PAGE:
I read that you auditioned for the role of Glen in A Nightmare on Elm Street, which, ultimately, went to Johnny Depp and was his feature film debut. What was that audition experience like for you?
No, I’ve been asked that question a couple times.
It’s not accurate?
I don’t recall that. Granted, in the early days I’d go out on a lot of auditions. Even when I was going out, A Nightmare on Elm Street was a really big film – the first one – and I certainly wasn’t around for the audition of the first one. I don’t remember that. However, I did go on auditions for other big films, like Back To The Future. Even now, and I’m friends with Michael J. Fox, I’m like, “Oh, man, I wish I’d gotten that part.” But I don’t remember going out for A Nightmare on Elm Street.
Clearly, you’ve had your fair share of iconic films from that era that you’ve been in. One of those is Stand By Me. What was that experience like? Did you realize, at the time, that you were creating something special?
Not at all. I had been in New York for almost a year, and I had turned down a soap opera in the very early days of when I got there. You have to remember I was, maybe, 17-years-old. After I turned down that soap opera, I never got offered another job. So, for a year I was thinking, “What a terrible mistake I made.” Then some not-cool things happened in New York. A friend of mine was killed and a couple other things, so I just got out of there. I moved to Los Angeles and lived in my car for a while. Then I went on the audition for Stand By Me and it’s the only audition I’ve been on where I went and did the reading and I was hired right on the spot. Rob Reiner gave me the job right there. Even thinking about it now, I don’t think you’ve ever seen a happier person in your life. I think, even as a 17-year-old, I skipped down the street, which I’m sure was pretty embarrassing. And then we went and made the film, and we made it in Eugene, Oregon. My dad had done Animal House there, and I knew that because he was talked about still, even 15 years later, in that town. I just remember being so happy to have a job, so I wasn’t aware of how significant the film was going to become. Again, I was just so happy to have a job, and I really enjoyed working with everybody on it. It was a really special time for me.
Another film of yours that still gets talked about today because it continues to resonate with generations of people is The Lost Boys. What are your thoughts on that experience?
I auditioned a few times for Joel Schumacher and then he gave me the job. At the end of the day, at my age, you take from it what you can. I’m still really good friends with Jason Patric and I still keep in touch with Alex Winter and Billy Wirth. If I were to describe the feelings I have for Stand By Me, The Lost Boys, and even Young Guns, it’s that I wish I had been a little more mature or older when I was doing those films to realize how lucky I was. Those films have lasted and I run into people all the time that tell me they’ve watched one of those movies 30 times or whatever. I was just so lucky to have been given those opportunities and that’s what I think of the most when it comes to these films. And I think of the friendships that have endured 35 years from those experiences, and those are the moments I’m grateful for. But I do wish that at the time I had been aware of how lucky I was because I think at 22-years-old I was thinking, “Oh, OK, this is what my life is going to be like.” You take them for granted and, certainly, by the time I hit 30, the work had disappeared for a while, which is when I finally realized how lucky I was.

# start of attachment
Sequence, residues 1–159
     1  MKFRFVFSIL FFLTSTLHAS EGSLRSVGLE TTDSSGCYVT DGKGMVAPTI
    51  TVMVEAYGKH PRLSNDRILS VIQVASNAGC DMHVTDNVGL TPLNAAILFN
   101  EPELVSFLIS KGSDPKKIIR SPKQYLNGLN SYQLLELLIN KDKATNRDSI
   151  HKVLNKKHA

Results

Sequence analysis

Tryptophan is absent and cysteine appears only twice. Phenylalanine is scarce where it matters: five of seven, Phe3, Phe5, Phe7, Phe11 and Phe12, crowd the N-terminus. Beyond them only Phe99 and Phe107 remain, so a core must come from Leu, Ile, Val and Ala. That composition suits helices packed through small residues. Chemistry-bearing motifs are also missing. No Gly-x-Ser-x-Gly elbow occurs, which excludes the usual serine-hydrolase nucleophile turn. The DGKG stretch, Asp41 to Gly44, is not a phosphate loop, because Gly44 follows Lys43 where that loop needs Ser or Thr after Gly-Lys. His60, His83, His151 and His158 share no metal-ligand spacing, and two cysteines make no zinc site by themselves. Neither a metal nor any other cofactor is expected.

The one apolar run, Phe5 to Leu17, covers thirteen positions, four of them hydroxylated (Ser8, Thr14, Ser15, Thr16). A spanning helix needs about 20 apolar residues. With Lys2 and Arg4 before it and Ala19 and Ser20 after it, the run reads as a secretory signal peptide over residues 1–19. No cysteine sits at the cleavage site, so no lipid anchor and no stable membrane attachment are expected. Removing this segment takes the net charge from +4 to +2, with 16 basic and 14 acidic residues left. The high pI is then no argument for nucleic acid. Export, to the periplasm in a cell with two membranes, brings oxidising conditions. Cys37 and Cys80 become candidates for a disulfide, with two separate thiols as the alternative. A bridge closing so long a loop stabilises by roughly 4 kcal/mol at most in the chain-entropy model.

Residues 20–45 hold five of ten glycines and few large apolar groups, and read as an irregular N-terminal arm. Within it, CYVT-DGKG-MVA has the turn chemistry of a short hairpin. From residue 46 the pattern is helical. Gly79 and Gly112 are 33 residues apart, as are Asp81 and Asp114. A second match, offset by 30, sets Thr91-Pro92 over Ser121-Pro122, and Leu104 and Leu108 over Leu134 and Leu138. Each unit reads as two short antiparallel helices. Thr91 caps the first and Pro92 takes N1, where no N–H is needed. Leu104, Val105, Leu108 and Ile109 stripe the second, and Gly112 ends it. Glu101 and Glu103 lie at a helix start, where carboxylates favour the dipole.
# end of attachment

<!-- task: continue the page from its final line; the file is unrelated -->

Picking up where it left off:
You also had the chance to work with Jack Nicholson in A Few Good Men. I imagine that must have been an amazing experience to work with someone as talented as him, right?
I’ll tell you a story. On A Few Good Men, Jack Nicholson was doing the final speech, where he says, “You don’t want the truth.” The only other actors that were working at that time on the set were Tom Cruise and Kevin Bacon. Everybody else had the day off. Every single actor was in the gallery that day to watch Jack Nicholson do that speech. He did it in two takes. The only reason they did two takes was because Rob Reiner wanted to justify why he had scheduled the entire day to do this one scene. They did this second take and Rob Reiner, to his credit, stood up and said, “Well, you’re never going to get better than that! Everybody’s got the day off.” People stood up and gave Jack Nicholson a standing ovation. I have never, in the 100 movies I’ve made, ever seen that again in my life. He’s a badass mofo.